At Nero's command, the Apostle Peter was crucified on June 29, A.D. 67. He asked his tormenters to crucify him upside-down, wishing by this to portray a difference between his own sufferings and the sufferings of his Divine Teacher.
The miraculous story of the conversion of the Apostle Paul, formerly Saul
Saul was educated in the Judaic Law, hated and persecuted the Church of Christ, and even requested authority from the Sanhedrin to find and persecute Christians. As for Saul, he made havock of the church, entering into every house, and haling men and women committed them to prison (Acts 8:3). One day, Saul, yet breathing out threatenings and slaughter against the disciples of the Lord, went unto the high priest, And desired of him letters to Damascus to the synagogues, that if he found any of this way, whether they were men or women, he might bring them bound unto Jerusalem. And as he journeyed, he came near Damascus: and suddenly there shined round about him a light from heaven: And he fell to the earth, and heard a voice saying unto him, Saul, Saul, why persecutest thou me? And he said, Who art thou, Lord? And the Lord said, I am Jesus whom thou persecutest: it is hard for thee to kick against the pricks. And he trembling and astonished said, Lord, what wilt thou have me to do? And the Lord said unto him, Arise, and go into the city, and it shall be told thee what thou must do. And the men which journeyed with him stood speechless, hearing a voice, but seeing no man. And Saul arose from the earth; and when his eyes were opened, he saw no man: but they led him by the hand, and brought him into Damascus. And he was three days without sight, and neither did eat nor drink (Act. 9:1–9).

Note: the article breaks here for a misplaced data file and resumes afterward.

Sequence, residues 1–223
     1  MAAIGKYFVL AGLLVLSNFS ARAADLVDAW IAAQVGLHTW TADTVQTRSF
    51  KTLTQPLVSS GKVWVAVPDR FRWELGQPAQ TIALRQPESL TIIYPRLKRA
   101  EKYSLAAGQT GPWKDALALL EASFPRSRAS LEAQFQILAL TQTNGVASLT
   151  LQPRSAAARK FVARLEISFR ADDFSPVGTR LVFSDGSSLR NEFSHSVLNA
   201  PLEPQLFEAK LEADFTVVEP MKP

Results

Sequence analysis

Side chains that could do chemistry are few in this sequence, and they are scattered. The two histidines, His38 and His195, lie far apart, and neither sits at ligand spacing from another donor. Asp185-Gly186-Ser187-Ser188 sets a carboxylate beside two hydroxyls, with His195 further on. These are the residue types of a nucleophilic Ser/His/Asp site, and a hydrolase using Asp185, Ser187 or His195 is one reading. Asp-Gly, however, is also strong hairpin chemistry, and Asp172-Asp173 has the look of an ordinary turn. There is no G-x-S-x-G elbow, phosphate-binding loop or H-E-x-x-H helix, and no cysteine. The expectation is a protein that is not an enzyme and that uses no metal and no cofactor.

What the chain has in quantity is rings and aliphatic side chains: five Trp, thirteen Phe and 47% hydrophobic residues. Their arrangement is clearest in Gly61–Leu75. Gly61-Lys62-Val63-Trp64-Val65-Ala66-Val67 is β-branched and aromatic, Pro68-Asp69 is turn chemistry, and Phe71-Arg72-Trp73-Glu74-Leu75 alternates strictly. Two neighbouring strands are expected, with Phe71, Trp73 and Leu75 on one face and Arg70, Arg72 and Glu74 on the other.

The stubborn persecutor of Christianity becomes an indefatigable preacher of the Gospels. The life, deeds, words, and epistles of Paul all witness to him as a chosen vessel of God's grace. Neither afflictions, nor want, nor persecution, nor hunger, nor nakedness, nor danger, nor sword, nor death could weaken the love in Paul's heart for God.
He travelled continually in various countries in order to preach the Gospels to the Jews, and especially to the pagans. These travels were accompanied by amazingly powerful preaching, miracles, tireless labor, inexhaustible patience, and very holy life. The labors of Paul's apostolic service were incomparable. He said of himself, I laboured more abundantly than they all (1 Cor. 15:10). The Apostle endured countless sorrows for his labors. In A.D. 67, on June 29, he received a martyr's death in Rome, at the same time as the Apostle Peter's death. As a Roman citizen, he was beheaded by the sword.
The Orthodox Church honors the Apostles Peter and Paul as having enlightened the darkness of the West; the Church glorifies Peter's steadfastness and Paul's wisdom, and sees in them an image of ones who sinned and corrected themselves: in the Apostle Peter—as one who denied the Lord and then repented; in the Apostle Paul—as one who resisted the preaching of the Lord, and then believed.